North Korea Conducts Missile Test Ahead of South Korea Election
TEMPO.CO, Seoul - North Korea fired a ballistic missile toward the sea to the east of the Korean peninsula on Saturday, March 5, militaries in the region said, an apparent test just days before the South's presidential election.
South Korea's Joint Chiefs of Staff said it detected the launch of one ballistic missile, and the office of Japan's Prime Minister Fumio Kishida also said it was a suspected ballistic missile.
U.S. Indo-Pacific Command said it condemns North Korea's ballistic missile launch, calling on the reclusive regime to refrain from further destabilizing acts.
The launch was the ninth this year. The last was on Feb. 27 when North Korea said it tested systems for a reconnaissance satellite.
The South Korean military said Saturday's launch came from a location near Sunan, where Pyongyang's international airport is located. The region has been the site of previous tests, including the Feb. 27 launch. read more
South Korea's National Security Council (NSC) condemned North Korea's "unprecedented repeated firing of ballistic missiles", which goes against peace and stability on the Korean Peninsula and the international community, according to a statement from the presidential Blue House.
South Korea will "even more closely monitor North Korea's nuclear and missile-related facilities, such as Yongbyon and Punggye-ri", and take necessary measures, the NSC said.
Japan's Defense Minister Nobuo Kishi said the launch was "not acceptable".
"The significant pace at which North Korea is developing its missile-launching technology is not something our country and the surrounding regions can overlook," he said.
Kishi said the North Korean projectile reached a height of 550 km (340 miles) and flew a distance of 300 km (190 miles), similar to the South Korean military's estimated 560 km height and 270 km range. read more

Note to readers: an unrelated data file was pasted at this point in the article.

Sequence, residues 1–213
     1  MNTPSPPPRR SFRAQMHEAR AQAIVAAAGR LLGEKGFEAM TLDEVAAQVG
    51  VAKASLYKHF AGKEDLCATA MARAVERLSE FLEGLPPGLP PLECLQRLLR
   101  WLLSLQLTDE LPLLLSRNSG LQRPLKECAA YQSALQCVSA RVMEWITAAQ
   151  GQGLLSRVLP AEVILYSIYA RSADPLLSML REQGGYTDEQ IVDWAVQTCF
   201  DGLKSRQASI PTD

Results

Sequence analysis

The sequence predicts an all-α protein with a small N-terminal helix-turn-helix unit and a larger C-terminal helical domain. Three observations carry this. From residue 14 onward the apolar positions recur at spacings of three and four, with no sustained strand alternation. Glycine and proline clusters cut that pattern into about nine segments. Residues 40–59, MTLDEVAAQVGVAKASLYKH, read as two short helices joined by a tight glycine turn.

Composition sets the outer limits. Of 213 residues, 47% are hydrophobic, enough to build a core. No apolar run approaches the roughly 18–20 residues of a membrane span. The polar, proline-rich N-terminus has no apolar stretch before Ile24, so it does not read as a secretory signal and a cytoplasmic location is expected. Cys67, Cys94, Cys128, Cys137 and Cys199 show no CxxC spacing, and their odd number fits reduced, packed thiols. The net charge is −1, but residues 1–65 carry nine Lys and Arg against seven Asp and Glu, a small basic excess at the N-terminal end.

The launch underscores the challenges facing whoever wins Wednesday's presidential election in South Korea. read more
With denuclearisation talks stalled, North Korea conducted a record number of missile launches in January. It appears to be preparing to launch a spy satellite in the near future and has suggested it could resume testing of nuclear weapons or its longest-range longest-range intercontinental ballistic missiles (ICBMs) for the first time since 2017.
Analysts say North Korea could use the upcoming presidential transition in South Korea or a big national holiday on April 15 to test-fire a major new missile or other weapons.
"The timing of North Korea's missile testing may seem odd to us, given the global focus on Ukraine," Jean Lee, a fellow at the Washington-based Wilson Center, said on Twitter. "But it makes perfect sense in North Korea, where scientists are focused on perfect new weapons for Kim to show off at a big military parade in mid-April."
North Korea's ballistic missile launches are banned by United Nations Security Council resolutions, which have imposed sanctions on the country over its weapons programs.
"North Korea may be preparing a ‘satellite launch’ around the Kim Il Sung birth anniversary on April 15 and before South Korea conducts another satellite test of its own," said Leif-Eric Easley, a professor at Ewha University in Seoul.
The United States has said it is open to talks without preconditions, but Pyongyang says talks are only possible after Washington and its allies drop hostile policies.
On Friday, the U.S.-based 38 North project, which monitors North Korea, said the country's main nuclear facility is in full swing, producing fuel for potential nuclear weapons and an expansion of its nuclear production facilities.